We are personally LOVING the Primark range and they're such a bargain.

Their collections start from €8 and go up to €20.

10. Stress balls

This is the BEST gift for the office stress head and kinda funny too, if they aren't too touchy about it.

The stress balls start from €12 on amazon, and the one pictured is perfect if you think your co-worker is a little bit pooh. 

11. Dear As*hole: 101 Tear-Out Letters to the Morons Who Muck Up Your Life

Any hot heads in the office? Give them this for Secret Santa. It's little letters they can tear out and give to the people that royally p*ss them off on a daily basis. Just don't go crying or be surprised if you're the first victim of their angry letters.

The tear-out letters are £4.50. 

12. Ostrich Pillow

We could all do with ones of these when office life just gets all too much.

It's hilarious and they will love it, unless they are as dry as a cracker.

It's retails for 12.51 and you can buy it here.


Dublin has long been considered Ireland's professional mecca, with job opportunities other counties simply don't have. 

However, a new survey has found that the West of Ireland is attracting highly-skilled professionals, with three quarters of job seekers who moved west finding work easily.  

Galway and Mayo are drawing the eye of professionals tired of the eternal Dublin struggle for housing, with the west's promise of a better quality of life, career opportunities, lower property prices and more disposable income, according to the Galway-Mayo Relocation Survey.


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91% of respondents said they were happy with their move to the West of Ireland and 78% would recommend others relocate to Galway or Mayo.

85% have either moved into a similar or more senior role than the one they held before moving. Since relocating, 76% say the balance between their working and home lives is much better now.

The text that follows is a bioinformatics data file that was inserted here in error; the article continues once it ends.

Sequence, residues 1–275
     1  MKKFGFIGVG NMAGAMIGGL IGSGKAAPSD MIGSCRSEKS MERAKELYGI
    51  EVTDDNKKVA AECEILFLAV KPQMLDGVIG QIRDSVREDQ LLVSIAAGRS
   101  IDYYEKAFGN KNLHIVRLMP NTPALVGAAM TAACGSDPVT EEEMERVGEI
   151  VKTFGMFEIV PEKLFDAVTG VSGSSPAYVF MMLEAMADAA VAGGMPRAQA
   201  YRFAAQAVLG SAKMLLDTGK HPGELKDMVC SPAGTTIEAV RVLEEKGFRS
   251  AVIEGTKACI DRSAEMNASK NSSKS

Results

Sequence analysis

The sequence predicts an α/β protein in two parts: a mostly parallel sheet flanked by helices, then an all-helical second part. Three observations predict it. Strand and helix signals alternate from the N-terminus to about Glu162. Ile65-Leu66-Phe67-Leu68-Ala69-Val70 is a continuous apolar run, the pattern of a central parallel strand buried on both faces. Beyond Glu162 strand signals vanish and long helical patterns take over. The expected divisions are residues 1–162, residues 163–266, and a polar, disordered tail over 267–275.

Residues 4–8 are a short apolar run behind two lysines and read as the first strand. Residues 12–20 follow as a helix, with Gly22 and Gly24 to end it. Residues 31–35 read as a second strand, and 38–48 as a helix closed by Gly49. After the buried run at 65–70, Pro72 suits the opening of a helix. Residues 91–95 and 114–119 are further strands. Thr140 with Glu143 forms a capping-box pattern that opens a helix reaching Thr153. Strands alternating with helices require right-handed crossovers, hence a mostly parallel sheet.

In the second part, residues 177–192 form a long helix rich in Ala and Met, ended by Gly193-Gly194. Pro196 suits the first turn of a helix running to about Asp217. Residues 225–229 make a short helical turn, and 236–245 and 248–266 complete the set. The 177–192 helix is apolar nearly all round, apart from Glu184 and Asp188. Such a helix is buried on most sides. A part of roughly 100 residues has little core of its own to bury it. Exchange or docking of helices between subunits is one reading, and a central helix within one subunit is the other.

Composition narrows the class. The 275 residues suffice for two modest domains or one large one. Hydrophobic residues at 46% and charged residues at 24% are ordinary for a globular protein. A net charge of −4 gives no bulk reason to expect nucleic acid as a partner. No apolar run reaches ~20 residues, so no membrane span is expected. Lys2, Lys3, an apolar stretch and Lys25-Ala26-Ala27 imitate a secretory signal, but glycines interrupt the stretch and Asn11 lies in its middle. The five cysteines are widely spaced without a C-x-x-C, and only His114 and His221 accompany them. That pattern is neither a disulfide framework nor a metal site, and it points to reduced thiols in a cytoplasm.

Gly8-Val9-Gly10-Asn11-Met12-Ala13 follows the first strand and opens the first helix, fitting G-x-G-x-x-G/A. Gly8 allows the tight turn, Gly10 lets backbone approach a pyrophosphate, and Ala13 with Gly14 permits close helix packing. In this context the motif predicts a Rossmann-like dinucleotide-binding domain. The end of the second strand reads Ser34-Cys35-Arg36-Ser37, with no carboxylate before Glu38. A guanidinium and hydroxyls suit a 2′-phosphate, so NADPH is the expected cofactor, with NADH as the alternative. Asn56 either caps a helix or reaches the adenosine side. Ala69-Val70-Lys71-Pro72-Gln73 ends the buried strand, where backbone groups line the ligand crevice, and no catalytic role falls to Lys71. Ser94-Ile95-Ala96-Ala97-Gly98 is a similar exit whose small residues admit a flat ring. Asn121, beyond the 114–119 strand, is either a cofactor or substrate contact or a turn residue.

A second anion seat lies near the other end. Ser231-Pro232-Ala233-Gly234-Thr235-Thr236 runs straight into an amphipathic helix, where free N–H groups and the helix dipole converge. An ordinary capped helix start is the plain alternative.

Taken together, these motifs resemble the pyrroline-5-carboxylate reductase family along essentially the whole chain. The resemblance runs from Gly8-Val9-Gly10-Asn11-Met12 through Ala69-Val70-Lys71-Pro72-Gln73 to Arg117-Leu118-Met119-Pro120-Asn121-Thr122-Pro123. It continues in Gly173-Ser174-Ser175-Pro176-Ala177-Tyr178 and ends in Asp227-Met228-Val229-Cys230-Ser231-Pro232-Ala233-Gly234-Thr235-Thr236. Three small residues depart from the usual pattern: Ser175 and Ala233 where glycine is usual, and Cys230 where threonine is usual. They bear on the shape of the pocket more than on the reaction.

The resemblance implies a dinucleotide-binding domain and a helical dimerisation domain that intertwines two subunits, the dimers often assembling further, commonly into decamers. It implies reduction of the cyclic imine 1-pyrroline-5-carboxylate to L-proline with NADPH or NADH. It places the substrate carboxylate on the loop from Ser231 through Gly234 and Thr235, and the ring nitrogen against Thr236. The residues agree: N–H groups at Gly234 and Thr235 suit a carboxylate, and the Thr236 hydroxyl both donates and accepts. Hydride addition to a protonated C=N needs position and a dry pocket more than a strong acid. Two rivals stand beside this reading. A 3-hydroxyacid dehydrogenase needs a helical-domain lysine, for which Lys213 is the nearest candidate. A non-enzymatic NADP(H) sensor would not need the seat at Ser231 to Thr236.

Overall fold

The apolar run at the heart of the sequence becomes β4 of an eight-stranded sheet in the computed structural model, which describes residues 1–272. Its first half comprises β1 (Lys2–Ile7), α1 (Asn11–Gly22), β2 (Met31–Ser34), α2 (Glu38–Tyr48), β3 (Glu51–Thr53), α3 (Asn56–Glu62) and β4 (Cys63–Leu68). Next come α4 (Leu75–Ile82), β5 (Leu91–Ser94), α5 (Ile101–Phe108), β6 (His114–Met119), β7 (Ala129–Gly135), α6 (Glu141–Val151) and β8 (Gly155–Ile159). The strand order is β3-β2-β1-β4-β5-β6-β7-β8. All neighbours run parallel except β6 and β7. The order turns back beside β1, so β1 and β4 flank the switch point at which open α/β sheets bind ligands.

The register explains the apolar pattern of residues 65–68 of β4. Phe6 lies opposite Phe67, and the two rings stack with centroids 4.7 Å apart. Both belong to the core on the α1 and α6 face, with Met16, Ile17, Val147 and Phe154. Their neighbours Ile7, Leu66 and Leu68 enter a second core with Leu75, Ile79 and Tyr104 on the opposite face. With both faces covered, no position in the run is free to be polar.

When asked about the factors that influenced their move to the West, 91% cited a better quality of life, while 60% wanted to be closer to family and friends. 

'Even though I was enjoying Dublin, my heart was here in the West of Ireland,' said Samantha Commons, Associate Director of Human Resources at Allergan, Galway. 

'When I started thinking about where I wanted to be, I thought that I’d probably end up in Galway because that’s where a lot of the larger companies are that would have HR requirements.'

So if Dublin isn'#t taking your fancy, perhaps the boom is back out west. 


We've all been there – 12pm comes and you already feel like you've given all you can give for the day. Sure, you might perk up for 20 minutes or so after lunch, but really, it's all down hill from there.

Between your hourly tea break, scrolling through ASOS sales, and basically doing anything other than what you're supposed to be doing, there's not much time for anything else now is there?

Well, according to new survey, the average employee is productive for just under three hours a day (2h 53m to be precise).

Sound about right?

VocherCloud asked 1,989 full-time office workers about how they really spend their working days, and as you probably guessed, there's not a whole lot of work going on inside those cubicles.

When asked – “Do you consider yourself to be productive throughout the entire working day?” 79 per cent of respondents said 'no' (and the other 21 per cent were lying).

So, what are we doing instead?

Well, here are the top 10 responses from participants when asked what they actually do at work and how long they spend doing it:

1. Checking social media – 47 per cent/ 44 minutes

2. Reading news websites – 45 per cent/ 1 hour 5 minutes

3. Discussing out-of-work activities with colleagues – 38 per cent/ 40 minutes

4. Making hot drinks – 31 per cent/ 17 minutes

5. Smoking breaks – 28 per cent/ 23 minutes

6. Text/instant messaging – 27 per cent/ 14 minutes

7. Eating snacks – 25 per cent/ 8 minutes

8. Making food in office – 24 per cent/ 7 minutes

9. Making calls to partner/ friends- 24 per cent/ 18 minutes

10. Searching for new jobs – 19 per cent/ 26 minutes

You can't deny the facts – three-hour working days for all!


In the winter months, it can feel like you never see the sun.

You leave for work in the morning and it's dark out, and by the time you commute home, the night sky has fallen.

In these instances, it feels like you're never going to see the light of day again. So, you come home, flop on the couch and that's basically your entire week.

Pretty sh*t, right?

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However, in Sweden, over the past two years, the employed population has been trialling six-hour working days. Whether you're a writer, a nurse, or in a business start-up, various companies implemented the rule.